Jullay! Our project to design and build a new Visitors’ Center for the Druk White Lotus School in Shey, Ladakh is well underway. We are excited to share with you the progress we’ve made, as well as regale you with stories, photographs and sketches from our experiences here in the Himalayas.
Three short weeks have passed since we all gathered in Ladakh to begin acclimatizing to the altitude and designing our building. We arrived armed with ideas, sketchbooks, and a shared interest in learning how to design and build in a climate and culture that is so different from our own. So much of the design process has been completely new to us, from designing by committee of forty-four, to drafting out ideas on an uneven wood floor without our standard design tools, to making decisions based on the limited availability of building materials. Discussions have been extensive, at times heated, but ultimately we arrived at a design that we are all excited about building.
To help inform our design, we began with a tour of old Leh with a local tour guide for the Ladakhi Heritage Center. Each of us captured our observations with pictures and sketches, absorbing the vernacular architecture as we began imagining the Visitors’ Center. The following day, the entire group toured the Druk White Lotus School for the morning and reconvened in the late afternoon. With our sketches of Old Leh’s architecture and its modern interpretation in the school’s design, we felt prepared to begin our work. Dividing into teams of five, we spent the afternoon developing initial proposals, complete with plans, sections, elevations, and perspective sketches. For many of us, this was our first experience designing with a team of strangers. Before dinner that evening, each team presented its proposal, and as a group, we summed up the similarities, successes, and potential issues. From this list, we prioritized project goals to help inform our second round of design ideas.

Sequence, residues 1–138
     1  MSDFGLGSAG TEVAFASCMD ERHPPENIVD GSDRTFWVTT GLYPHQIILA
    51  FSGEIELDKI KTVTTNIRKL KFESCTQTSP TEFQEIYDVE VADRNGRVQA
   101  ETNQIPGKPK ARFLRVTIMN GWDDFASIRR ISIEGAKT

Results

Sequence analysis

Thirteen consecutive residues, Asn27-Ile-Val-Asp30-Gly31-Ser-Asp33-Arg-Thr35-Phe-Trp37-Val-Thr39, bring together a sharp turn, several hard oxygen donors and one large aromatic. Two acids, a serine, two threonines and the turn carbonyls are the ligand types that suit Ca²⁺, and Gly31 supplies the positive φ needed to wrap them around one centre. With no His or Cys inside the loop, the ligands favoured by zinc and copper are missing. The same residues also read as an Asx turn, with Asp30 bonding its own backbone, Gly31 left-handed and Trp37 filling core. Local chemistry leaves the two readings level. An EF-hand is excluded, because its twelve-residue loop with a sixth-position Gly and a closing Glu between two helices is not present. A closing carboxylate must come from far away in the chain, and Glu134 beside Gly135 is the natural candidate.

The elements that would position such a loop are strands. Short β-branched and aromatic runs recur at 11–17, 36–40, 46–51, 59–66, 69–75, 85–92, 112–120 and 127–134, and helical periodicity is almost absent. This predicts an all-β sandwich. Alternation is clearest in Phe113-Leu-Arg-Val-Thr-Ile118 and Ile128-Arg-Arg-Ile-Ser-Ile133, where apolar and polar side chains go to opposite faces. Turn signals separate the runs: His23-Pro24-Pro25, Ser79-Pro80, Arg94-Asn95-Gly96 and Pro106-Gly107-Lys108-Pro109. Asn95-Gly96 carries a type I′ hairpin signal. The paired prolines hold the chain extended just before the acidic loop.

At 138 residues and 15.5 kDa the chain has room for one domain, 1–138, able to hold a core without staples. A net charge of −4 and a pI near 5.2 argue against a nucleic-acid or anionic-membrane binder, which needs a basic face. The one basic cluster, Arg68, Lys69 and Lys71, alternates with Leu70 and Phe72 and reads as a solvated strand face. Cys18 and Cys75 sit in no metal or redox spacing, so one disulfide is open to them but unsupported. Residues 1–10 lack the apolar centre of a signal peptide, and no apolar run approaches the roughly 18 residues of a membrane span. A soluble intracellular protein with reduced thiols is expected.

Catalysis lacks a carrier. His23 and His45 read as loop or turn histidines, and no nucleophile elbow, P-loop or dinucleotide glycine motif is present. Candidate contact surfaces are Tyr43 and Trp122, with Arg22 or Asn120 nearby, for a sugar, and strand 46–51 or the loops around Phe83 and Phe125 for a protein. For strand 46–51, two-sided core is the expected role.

The next morning, each group revised ideas, combining with other similar groups and further developing proposals. After a second round of presentations and discussion, we were all beginning to narrow our design ideas to a few basic concepts.
One more round of exploration with light-study models helped us make decisions, yet it raised still more questions. We knew that some decisions could be made later on, but there still remained some critical issues that needed to be resolved before any construction could begin. Window and door placement, for example, had to be determined, and opinions about this issue were varied and strong. After everyone had a chance to voice their thoughts on the critical points (yes, we even got to the point of hand-raising to keep decorum) we concluded that the only way to make these decisions was on the site.
With everyone seated around our pre-poured foundation wall, we mimicked the three final proposals, using our bodies as walls, doors and windows to get a sense of the space. Using good old-fashioned voting, we settled on a scheme that allowed us to start laying brick and framing windows and doors for the Visitors’ Center.